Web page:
You can say that. In the two years I have been playing, everything was working nicely. But I now want to look forward to the World Cup.
How much time did it take you to forget the disappointment of being dropped?
It took me a couple of days. [But] it's the T20 format. The Eden [Gardens] wicket was very good for batting. It's not like I was bowling badly, or bowling half-volleys or full tosses. I was bowling well, sticking to my strengths. If I flighted the ball, it was just coming nicely onto the bat. People are saying I was bowling badly, but I actually did not give away many runs other than that over where I went for 25 runs [against Royal Challengers Bangalore in Kolkata]. Before that, I think my economy was about 7.3, which is acceptable in T20. And that, too, bowling on the Eden wicket. [Before the game against Royal Challengers he had taken three wickets at an economy rate of 7.82 in the IPL. After that spell of 59 runs in four overs, his ER rose to 8.66.]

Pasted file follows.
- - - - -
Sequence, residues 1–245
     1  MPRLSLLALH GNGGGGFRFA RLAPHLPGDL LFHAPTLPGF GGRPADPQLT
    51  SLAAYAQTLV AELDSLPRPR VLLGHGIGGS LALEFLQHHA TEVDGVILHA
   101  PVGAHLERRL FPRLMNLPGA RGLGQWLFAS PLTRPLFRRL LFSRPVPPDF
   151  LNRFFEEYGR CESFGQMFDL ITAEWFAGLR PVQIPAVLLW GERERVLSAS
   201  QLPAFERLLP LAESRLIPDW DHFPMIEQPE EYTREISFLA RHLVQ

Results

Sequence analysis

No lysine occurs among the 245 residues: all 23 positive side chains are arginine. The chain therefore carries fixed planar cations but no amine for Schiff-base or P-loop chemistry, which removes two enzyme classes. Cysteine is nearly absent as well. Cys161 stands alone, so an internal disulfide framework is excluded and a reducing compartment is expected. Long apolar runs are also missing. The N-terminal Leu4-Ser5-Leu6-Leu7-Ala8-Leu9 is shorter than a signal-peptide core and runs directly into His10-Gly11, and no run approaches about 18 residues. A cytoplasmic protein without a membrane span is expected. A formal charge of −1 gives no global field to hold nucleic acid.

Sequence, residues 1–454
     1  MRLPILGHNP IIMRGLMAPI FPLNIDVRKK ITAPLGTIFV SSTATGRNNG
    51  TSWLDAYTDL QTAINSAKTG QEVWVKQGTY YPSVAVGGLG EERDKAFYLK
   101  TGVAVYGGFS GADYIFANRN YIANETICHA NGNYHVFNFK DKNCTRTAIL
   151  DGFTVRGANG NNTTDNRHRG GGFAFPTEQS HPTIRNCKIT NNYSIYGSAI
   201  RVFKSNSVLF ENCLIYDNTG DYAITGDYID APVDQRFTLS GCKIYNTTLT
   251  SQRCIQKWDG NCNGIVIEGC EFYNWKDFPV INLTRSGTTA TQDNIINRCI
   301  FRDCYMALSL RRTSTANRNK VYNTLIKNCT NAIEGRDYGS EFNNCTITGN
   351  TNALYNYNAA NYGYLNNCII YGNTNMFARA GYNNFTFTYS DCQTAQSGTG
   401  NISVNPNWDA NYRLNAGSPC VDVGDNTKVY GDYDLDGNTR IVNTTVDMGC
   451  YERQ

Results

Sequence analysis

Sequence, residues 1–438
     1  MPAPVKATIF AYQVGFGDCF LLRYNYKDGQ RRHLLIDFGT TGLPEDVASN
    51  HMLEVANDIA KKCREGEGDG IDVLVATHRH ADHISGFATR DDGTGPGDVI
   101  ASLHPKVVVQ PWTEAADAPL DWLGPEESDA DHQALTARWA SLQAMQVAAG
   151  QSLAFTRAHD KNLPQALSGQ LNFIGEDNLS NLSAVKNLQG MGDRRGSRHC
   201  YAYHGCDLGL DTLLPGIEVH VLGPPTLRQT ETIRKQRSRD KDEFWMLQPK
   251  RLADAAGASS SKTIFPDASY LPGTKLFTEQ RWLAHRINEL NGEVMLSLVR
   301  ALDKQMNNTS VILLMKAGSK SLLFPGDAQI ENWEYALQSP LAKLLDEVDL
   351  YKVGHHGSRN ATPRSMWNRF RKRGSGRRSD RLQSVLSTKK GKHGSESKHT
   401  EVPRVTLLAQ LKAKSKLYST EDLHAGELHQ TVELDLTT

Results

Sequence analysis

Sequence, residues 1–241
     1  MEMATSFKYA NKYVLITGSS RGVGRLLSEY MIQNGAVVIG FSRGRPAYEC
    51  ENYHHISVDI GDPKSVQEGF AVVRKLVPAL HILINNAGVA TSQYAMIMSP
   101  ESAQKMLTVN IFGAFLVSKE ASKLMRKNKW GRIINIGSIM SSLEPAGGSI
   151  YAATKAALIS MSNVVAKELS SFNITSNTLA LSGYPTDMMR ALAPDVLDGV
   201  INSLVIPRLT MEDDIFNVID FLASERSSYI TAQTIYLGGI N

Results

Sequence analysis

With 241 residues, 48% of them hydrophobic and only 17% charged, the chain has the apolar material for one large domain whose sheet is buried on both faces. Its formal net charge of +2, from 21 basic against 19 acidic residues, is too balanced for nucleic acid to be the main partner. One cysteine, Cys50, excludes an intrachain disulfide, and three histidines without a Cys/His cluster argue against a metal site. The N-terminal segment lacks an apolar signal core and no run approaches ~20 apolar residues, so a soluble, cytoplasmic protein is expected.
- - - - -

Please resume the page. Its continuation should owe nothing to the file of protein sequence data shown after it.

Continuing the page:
It's just that when you are not taking wickets, these things get highlighted. When you are taking wickets regularly, no one talks at all. If your team doesn't pick you, everyone says the season did not go well. That actually did not make a difference to me.
Yes, it made a difference when I was not playing. I felt I deserved to play. It's another thing that I did not get another opportunity because of the combination the management and captain wanted. I felt a bit bad at that point. But in T20s you can't perform all the time - at times you do well, at times you don't.
You did get a wicket off the last ball in that game against Royal Challengers, but you threw your cap to the ground in disgust. Were you angry at yourself?